Mount Desert Island and Acadia National Park have remained in the center of Wabanaki traditional homelands for thousands of years. Long before Europeans arrived, the Wabanaki traveled here in seaworthy birchbark canoes. Setting up temporary camps near places like Somes Sound, they hunted, fished, gathered berries, harvested clams, and traded with other Wabanaki. Some called Mount Desert Island “Pemetic,” meaning “range of mountains.”
In the nineteenth century, Wabanaki people came to sell their handmade ash and birchbark baskets to wealthy travelers, and to harvest precious basket-making resources like sweetgrass. Summer tourists and summer residents alike were entertained by elaborate Wabanaki dance performances at venues such as Sieur de Monts and the town of Bar Harbor. Led by Wabanaki guides, canoe trips around Frenchman Bay and the Cranberry Islands were a convenient and pleasurable way for visitors to reach the outer islands.
Today, each tribe has a reservation and government headquarters located within their territories throughout Maine. Still, Wabanaki people have a unique and spiritual relationship with this land, from the first rays of dawn seen from Cadillac Mountain to the last light of dusk slipping behind Bar Island. Many Wabanaki people today come for much the same reasons as others—to hike the mountain trails and enjoy the striking scenery. Yet some still come to gather precious sweetgrass, sell handmade baskets, and to show respect for this sacred landscape, as their ancestors did for thousands of years.
See original article here: https://www.nps.gov/acad/learn/historyculture/wabanaki.htm
The striking scenery and diverse resources of Mount Desert Island have attracted people for thousands of years. The first inhabitants, Native Americans here more than 5,000 years ago, were followed by the French and English. By the 1800s, settlers were arriving in large numbers and engaging in fishing, shipbuilding, farming, and lumbering. The island became known to the world in the late 1800s, when artists depicted its beauty in paintings. The rush to experience Mount Desert Island, and the desire to protect its lands, had begun.
Deep shell heaps indicate Native American encampments dating back 5,000 years in Acadia, but pre-European records are scarce. The first written descriptions of Maine coast Indians, recorded 100 years after European trade contacts began, describe Native Americans who lived off the land by hunting, fishing, collecting shellfish, and gathering plants and berries.
The Wabanaki people knew Mount Desert Island as Pemetic, “the sloping land.” They built bark-covered conical shelters and traveled in birchbark canoes. Historical records indicate that the Wabanaki wintered in interior forests and spent summers near the coast. Archeological evidence, however, suggests the opposite pattern: to avoid harsh inland winters and take advantage of salmon runs upstream, Native Americans wintered on the coast and summered inland. There may even have been two separate groups, one inland and another on the coast. Read more about the Wabanaki.
The first meeting between the people of Pemetic and the Europeans is unknown, but a Frenchman, Samuel Champlain, made the first important contribution to the historical record of Mount Desert Island. He led the expedition that landed on Mount Desert on September 5, 1604, and wrote in his journal, “The mountain summits are all bare and rocky….. I name it Isles des Monts Déserts.” Champlain’s visit to the island 16 years before the Pilgrims landed at Plymouth Rock destined this land to be come known as New France before it became New England.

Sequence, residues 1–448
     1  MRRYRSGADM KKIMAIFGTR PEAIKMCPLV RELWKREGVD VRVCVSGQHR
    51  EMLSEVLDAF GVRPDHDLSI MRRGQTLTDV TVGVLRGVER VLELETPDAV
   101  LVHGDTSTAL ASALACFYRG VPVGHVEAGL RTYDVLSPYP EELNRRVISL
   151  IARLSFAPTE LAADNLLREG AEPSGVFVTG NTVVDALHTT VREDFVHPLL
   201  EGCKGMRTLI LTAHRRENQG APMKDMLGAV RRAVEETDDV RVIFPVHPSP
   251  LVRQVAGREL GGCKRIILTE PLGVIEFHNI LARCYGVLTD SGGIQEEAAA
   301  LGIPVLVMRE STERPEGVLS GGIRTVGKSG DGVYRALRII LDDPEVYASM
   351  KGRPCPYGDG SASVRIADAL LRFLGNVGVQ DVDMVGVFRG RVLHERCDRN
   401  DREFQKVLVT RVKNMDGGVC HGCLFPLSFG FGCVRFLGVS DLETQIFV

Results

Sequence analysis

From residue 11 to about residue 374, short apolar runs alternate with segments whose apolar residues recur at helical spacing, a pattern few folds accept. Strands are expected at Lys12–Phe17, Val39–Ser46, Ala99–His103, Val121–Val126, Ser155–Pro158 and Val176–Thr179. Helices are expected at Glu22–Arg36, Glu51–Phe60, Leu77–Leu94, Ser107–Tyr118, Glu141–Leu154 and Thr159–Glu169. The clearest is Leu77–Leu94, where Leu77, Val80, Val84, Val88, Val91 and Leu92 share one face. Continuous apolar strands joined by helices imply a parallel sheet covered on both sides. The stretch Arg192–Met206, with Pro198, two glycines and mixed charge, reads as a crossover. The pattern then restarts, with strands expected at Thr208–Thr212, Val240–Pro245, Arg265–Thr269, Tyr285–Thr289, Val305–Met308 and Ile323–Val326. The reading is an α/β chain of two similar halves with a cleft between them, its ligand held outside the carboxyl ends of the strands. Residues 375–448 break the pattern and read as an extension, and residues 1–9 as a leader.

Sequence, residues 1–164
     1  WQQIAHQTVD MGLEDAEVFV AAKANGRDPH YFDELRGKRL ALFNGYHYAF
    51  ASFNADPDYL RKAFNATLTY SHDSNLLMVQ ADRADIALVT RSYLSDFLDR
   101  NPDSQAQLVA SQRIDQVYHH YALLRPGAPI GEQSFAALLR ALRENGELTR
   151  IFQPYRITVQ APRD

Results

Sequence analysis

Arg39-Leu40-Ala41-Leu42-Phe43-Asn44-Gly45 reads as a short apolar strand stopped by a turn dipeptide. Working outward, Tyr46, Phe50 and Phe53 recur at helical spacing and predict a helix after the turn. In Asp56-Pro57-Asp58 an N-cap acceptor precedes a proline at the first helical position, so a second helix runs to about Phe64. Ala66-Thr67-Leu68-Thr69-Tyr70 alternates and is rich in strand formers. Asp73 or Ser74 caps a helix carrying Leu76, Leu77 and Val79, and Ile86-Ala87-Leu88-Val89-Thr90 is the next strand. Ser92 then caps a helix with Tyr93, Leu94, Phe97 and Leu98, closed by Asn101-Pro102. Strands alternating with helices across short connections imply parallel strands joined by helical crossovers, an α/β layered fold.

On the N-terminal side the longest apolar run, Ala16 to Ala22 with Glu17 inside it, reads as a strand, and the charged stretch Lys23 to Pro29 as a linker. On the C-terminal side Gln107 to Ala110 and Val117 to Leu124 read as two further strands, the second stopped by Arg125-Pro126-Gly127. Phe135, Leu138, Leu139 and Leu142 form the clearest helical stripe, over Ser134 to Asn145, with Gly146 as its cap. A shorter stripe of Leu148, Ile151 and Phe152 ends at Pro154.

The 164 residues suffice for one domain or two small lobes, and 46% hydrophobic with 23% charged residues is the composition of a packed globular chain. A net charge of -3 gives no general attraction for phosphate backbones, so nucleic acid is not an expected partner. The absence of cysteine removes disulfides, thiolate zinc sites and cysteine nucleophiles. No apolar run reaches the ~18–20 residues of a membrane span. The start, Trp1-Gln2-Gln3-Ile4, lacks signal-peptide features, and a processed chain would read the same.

In 1613, French Jesuits, welcomed by native people, established the first French mission in America on Mount Desert Island. They had just begun to build a fort, plant corn,and baptize the natives when an English ship commanded by Captain Samuel Argall destroyed their mission. The English victory doomed Jesuit ambitions on Mount Desert Island, leaving the land in a state of limbo lying between the French, firmly entrenched to the north, and the British, whose settlements in Massachusetts and southward were becoming increasingly numerous. No one wished to settle in this contested territory. For the next 150 years, the island’s importance was primarily its use as a landmark for seamen.
There was a brief period when it seemed Mount Desert would again become a center of French activity. In 1688, Antoine Laumet, an ambitious young man who had immigrated to New France and bestowed upon himself the title Sieur de la Mothe Cadillac, asked for and received a hundred thousand acres of land along the Maine coast, including all of Mount Desert Island. Cadillac’s hopes of establishing a feudal estate in the New World, however, were short lived. Although he and his bride resided here for a time, they soon abandoned their enterprise. Cadillac later gained lasting recognition as the founder of Detroit.
In 1759, after a century and a half of conflict, British troops triumphed at Quebec, ending French dominion in Acadia. With Native Americans scattered and the fleur-de-lis banished, lands along the Maine coast opened for English settlement. Governor Francis Bernard of Massachusetts obtained a royal land grant on Mount Desert Island. In 1760, Bernard attempted to secure his claim by offering free land to settlers. Abraham Somes and James Richardson accepted the offer and settled their families at what is now Somesville.